BILLINGS – The City Council waded Monday into next year’s legislative topics that Billings may like to push forward.
The city’s lobbyist, Ed Bartlett, outlined a number of issues that will likely once again come up in Helena, including a previously failed measure to give law enforcement more tools to clean up streets of public intoxication.
Currently, Billings does not have authority to make an ordinance that would make it illegal to be drunk in public. As an example, if a person was passed out in front of a building, that individual is not technically breaking any laws.
Bartlett said to have something passed, Billings will need more cities on board. Several other cities would like to, but they lack funding. “There isn’t anyway in the foreseeable future they would provide funding for that,” Bartlett said.
Another topic that has been discussed for decades without passage is the Local Option Authority — the ability to allow voters to decide on a creating a sales tax.
“No more disappointment that that matter has not been a successful venture in the state Legislature,” Bartlett said. “It’s time that it happens.”
A positive for the city from the 2017 Legislature included the gas tax increase. But not everyone on the council was impressed.
Councilmember Mike Yakawich said he “struggled with our success rate,” asking how the city could create more team effort.
Bartlett staunchly disagreed, citing the city’s involvement on about 30 issues each legislative session, both for and against.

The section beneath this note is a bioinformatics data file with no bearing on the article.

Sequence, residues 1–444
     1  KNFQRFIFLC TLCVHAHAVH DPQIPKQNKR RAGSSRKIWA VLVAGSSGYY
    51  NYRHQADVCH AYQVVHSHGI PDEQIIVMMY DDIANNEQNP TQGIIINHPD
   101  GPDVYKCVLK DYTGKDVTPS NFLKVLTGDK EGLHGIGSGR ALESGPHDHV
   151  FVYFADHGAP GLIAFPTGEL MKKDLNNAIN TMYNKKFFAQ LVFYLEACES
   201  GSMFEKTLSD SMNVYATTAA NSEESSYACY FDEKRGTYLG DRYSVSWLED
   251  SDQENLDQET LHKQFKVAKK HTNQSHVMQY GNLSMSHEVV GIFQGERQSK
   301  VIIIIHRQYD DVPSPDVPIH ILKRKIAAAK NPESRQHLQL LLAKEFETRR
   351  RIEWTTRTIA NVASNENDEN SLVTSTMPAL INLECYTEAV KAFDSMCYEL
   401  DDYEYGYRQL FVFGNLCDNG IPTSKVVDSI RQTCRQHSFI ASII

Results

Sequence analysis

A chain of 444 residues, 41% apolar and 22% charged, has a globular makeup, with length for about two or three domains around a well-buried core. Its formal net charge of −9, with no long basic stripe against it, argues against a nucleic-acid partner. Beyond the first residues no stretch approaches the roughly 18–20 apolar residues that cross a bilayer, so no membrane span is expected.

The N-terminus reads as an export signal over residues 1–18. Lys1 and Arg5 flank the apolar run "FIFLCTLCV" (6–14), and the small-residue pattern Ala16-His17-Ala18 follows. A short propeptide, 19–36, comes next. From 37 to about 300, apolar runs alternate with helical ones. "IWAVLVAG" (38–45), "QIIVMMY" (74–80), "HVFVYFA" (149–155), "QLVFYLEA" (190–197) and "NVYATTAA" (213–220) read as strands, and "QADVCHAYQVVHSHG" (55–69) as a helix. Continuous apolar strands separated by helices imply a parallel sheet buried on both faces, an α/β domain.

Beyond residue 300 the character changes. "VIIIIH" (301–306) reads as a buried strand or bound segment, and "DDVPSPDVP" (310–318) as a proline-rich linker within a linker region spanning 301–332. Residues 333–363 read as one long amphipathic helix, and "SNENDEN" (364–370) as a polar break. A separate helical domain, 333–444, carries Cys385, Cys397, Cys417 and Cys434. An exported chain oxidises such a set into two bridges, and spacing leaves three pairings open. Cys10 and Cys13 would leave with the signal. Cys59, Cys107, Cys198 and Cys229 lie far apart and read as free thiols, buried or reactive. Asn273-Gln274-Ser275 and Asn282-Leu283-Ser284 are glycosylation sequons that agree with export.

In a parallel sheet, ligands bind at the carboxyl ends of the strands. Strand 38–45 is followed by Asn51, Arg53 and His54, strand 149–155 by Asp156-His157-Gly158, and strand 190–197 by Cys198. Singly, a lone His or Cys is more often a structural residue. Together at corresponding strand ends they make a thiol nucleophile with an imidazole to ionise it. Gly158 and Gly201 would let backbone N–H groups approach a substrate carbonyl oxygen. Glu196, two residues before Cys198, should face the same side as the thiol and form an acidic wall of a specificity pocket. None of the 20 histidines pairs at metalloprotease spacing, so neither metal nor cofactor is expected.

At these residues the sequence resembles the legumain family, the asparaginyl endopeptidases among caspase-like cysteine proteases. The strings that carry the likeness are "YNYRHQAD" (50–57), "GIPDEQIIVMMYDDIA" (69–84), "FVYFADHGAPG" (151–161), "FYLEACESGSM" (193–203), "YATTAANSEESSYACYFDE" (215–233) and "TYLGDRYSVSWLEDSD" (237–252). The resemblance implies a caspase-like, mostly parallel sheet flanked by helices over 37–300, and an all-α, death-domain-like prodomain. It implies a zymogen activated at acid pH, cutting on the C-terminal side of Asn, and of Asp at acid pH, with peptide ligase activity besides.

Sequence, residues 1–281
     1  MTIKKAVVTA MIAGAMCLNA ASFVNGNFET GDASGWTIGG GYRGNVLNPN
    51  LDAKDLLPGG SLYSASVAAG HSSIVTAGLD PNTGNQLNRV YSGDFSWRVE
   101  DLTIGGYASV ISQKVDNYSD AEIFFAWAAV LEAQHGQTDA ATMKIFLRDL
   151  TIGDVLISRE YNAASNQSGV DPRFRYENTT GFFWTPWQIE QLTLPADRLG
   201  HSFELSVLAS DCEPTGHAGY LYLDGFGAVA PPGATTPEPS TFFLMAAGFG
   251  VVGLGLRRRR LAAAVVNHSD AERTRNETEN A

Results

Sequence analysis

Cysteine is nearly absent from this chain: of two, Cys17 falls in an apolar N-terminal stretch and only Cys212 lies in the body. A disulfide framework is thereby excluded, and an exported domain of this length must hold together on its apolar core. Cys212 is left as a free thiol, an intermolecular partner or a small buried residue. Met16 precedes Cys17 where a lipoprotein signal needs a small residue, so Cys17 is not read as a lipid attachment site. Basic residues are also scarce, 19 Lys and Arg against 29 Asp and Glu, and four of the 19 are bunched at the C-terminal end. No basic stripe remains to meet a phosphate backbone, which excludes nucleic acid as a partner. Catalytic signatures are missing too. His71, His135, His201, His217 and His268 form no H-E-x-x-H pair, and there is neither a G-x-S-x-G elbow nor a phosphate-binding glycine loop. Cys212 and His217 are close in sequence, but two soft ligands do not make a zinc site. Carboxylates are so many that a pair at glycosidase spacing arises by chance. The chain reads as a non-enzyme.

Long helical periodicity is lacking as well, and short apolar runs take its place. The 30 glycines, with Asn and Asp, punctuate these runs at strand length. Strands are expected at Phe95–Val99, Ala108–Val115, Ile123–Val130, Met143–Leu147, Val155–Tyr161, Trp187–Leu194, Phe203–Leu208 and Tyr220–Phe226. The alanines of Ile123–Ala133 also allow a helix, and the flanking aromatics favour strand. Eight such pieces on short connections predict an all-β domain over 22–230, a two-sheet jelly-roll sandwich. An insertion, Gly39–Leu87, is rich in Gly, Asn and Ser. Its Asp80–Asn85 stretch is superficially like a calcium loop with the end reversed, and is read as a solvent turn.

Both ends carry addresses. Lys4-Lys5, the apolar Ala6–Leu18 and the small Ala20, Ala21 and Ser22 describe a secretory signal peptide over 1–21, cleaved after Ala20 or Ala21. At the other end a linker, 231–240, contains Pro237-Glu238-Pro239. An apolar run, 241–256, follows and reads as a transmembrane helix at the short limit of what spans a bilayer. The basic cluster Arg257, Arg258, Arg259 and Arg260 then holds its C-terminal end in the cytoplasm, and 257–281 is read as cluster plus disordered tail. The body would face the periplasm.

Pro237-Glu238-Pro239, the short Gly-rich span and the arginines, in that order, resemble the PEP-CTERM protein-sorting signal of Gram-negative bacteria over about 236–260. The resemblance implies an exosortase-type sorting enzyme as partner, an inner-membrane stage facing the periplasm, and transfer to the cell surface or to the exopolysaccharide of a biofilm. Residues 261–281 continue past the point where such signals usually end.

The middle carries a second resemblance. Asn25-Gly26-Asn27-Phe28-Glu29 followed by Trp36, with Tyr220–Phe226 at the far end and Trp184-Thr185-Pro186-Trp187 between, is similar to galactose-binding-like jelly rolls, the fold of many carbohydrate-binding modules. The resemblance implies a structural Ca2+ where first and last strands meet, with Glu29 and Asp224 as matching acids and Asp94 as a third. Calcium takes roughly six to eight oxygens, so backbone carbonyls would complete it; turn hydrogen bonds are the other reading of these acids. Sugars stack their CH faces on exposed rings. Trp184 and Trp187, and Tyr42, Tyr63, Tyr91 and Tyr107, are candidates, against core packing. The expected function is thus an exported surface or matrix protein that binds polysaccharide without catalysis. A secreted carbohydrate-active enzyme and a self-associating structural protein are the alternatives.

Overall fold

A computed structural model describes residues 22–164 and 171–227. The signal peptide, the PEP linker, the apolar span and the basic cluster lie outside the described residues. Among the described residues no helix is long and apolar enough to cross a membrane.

He defended his efforts, which include a weekly report to the city and a final report at the end of the session.
“There are only few we’ve been unsuccessful on,” he said.
Bartlett said the Yakawich question was a bit personal, and he emphasized his ability to work with both Republicans and Democrats.
Mayor Bill Cole suggested councilmembers also travel to Helena to help lobby.
Following a question from Councilmember Penny Ronning on the problems of homelessness and human trafficking in the state and region, Bartlett said Billings area lawmakers do a good job of communicating, but they are less unified on a number of issues.
“If they did that more and on the items you mentioned, it’d be amazing what could be accomplished,” Bartlett said. “If I have a concern, it’s not with their level of understanding. It’s that they don’t work together.”
Bartlett said bipartisanship has been an issue for the entire Legislature, but he commended Billings’ delegation for their work.
The 2019 Legislature will begin Jan. 7.
Reporting by Dustin Klemann for MTN News